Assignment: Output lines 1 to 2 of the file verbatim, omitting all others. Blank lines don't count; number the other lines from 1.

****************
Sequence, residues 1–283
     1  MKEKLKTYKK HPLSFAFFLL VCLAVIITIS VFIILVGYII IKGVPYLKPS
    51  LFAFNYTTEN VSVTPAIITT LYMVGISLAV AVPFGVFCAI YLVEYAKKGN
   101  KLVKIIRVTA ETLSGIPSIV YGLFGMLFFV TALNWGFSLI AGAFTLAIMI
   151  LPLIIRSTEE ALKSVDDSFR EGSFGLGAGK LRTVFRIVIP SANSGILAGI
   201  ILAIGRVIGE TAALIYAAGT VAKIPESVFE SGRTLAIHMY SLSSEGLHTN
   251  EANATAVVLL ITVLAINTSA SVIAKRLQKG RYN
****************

Sequence, residues 1–283
     1  MKEKLKTYKK HPLSFAFFLL VCLAVIITIS VFIILVGYII IKGVPYLKPS